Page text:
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Tell Us Your Housing Story

Te Kāhui Tika Tangata, the Human Rights Commission, says its new housing inquiry website, “He Kāinga Rawaka, A Decent Home” ( can help put human rights at the centre of government and private sector responses to the housing crisis.

"As our housing inquiry has progressed, we’ve heard some upsetting stories from people. There’s been a common thread, they don’t want others to relive what they have been through,” says Chief Human Rights Commissioner Paul Hunt.

“Now, we hope to hear from many more people through our website, where people can submit their experiences and solutions for housing,” says Hunt.

The Commission is asking for people’s experiences generally and in the three topic areas of emergency and transitional housing, rental conditions, and the cultural adequacy of housing. The experiences that people share will inform the housing inquiry’s reports and findings.

Informing about human rights and obligations

“We want to accelerate calls for an accountability mechanism for housing and to put the right to a decent home, grounded on Te Tiriti o Waitangi, at the centre of government and private sector housing plans,” says Hunt.

The right to a decent home includes international human rights obligations that local and central government, and the private sector, must work together to fulfill. Yet very often, these duty-bearers are not aware of their obligations.

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“The public also are not always aware of the human right to a decent home, so the website can help people learn about this fundamental right that we all have,” says Hunt.

Resources for communities to advocate for change

“We are now seeing the potential for communities and groups to use the human right to a decent home as a tool for change in our housing system.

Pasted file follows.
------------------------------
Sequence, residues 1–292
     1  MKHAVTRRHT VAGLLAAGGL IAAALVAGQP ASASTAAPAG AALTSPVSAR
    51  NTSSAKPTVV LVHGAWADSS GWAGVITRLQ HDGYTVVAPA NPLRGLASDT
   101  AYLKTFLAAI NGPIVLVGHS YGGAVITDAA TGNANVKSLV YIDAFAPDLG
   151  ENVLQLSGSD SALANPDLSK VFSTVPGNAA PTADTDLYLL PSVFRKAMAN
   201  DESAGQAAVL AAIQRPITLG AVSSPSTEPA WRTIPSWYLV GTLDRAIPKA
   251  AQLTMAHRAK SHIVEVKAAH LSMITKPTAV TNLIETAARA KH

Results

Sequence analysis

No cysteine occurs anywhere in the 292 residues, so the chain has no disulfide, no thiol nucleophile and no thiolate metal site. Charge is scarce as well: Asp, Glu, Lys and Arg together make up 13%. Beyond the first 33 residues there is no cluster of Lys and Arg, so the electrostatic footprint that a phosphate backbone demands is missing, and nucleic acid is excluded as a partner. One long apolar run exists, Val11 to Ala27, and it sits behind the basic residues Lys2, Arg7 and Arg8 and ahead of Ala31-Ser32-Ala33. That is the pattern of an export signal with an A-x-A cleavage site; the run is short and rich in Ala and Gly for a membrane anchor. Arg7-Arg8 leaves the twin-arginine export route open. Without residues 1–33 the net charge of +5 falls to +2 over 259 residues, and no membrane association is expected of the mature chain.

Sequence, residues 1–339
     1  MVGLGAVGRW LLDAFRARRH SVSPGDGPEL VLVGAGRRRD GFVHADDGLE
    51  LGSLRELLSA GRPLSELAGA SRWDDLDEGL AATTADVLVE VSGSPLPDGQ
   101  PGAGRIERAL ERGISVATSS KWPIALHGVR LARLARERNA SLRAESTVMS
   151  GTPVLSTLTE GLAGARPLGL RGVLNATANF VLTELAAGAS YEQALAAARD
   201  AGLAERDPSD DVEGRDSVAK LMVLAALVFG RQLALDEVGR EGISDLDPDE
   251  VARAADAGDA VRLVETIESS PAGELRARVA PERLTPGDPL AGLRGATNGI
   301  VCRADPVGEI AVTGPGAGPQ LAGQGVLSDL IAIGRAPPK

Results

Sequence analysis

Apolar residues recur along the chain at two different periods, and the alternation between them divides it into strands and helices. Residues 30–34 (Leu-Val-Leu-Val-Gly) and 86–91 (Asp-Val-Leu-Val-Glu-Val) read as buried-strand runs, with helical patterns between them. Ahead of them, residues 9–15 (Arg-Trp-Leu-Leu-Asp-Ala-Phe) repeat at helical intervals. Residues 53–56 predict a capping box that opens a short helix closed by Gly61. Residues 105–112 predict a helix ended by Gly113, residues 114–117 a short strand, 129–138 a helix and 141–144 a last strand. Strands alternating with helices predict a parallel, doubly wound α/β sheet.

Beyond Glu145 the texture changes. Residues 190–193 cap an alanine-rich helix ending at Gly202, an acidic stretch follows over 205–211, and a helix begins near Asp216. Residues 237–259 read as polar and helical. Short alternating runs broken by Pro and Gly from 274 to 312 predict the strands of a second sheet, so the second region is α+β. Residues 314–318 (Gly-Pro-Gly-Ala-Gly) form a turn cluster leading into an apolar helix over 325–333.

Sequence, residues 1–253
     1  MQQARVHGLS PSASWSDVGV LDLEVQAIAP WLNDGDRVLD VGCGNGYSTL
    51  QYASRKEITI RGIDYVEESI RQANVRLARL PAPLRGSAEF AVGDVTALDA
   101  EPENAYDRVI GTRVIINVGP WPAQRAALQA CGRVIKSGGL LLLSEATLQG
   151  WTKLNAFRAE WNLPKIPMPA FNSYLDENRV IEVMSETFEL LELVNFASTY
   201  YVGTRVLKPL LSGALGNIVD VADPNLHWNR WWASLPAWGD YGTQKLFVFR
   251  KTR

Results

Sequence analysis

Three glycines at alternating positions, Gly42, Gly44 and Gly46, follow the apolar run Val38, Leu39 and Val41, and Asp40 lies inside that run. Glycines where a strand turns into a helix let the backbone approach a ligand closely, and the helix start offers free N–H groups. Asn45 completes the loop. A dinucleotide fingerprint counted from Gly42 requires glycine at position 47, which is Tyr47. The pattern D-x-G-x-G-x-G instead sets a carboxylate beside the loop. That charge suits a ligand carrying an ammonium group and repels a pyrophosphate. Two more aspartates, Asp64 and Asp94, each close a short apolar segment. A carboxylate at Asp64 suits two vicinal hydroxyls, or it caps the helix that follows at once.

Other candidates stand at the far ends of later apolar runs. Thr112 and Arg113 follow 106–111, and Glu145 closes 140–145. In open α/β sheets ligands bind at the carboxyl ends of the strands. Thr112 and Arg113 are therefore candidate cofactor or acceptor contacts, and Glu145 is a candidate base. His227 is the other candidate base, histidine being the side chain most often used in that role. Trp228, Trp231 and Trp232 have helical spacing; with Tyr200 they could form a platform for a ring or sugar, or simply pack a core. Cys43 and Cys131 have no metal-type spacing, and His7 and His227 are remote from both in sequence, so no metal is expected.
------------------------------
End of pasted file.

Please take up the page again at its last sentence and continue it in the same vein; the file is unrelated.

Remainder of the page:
“Whether it is calling on a local council to put the human right to a decent home at the centre of local housing policy, or organising a community discussion, it is important people get involved.

“Collectively we need to find our way out of this housing crisis and prevent a future one,” says Hunt.

The website provides some basic tools – posters and an advocacy guide – to assist groups who might want to advocate for their human right to a decent home grounded on Te Tiriti o Waitangi.


· People can share their stories anonymously and fill in as much detail as they like.

· The Commission is receiving experiences of emergency and transitional housing until the end of October. It will issue its findings and recommendations in mid-November.

· The Commission is receiving experiences of the rental system and cultural adequacy until late November. A closing date will be announced via the housing inquiry newsletter (visit to sign-up).

· The website includes information about the Commission’s Measuring Progress initiative, with data on affordability, accessibility and habitability. It also provides the Commission’s Framework Guidelines on the Right to a Decent Home and its Strengthening Accountability and Participation in the Housing System report.

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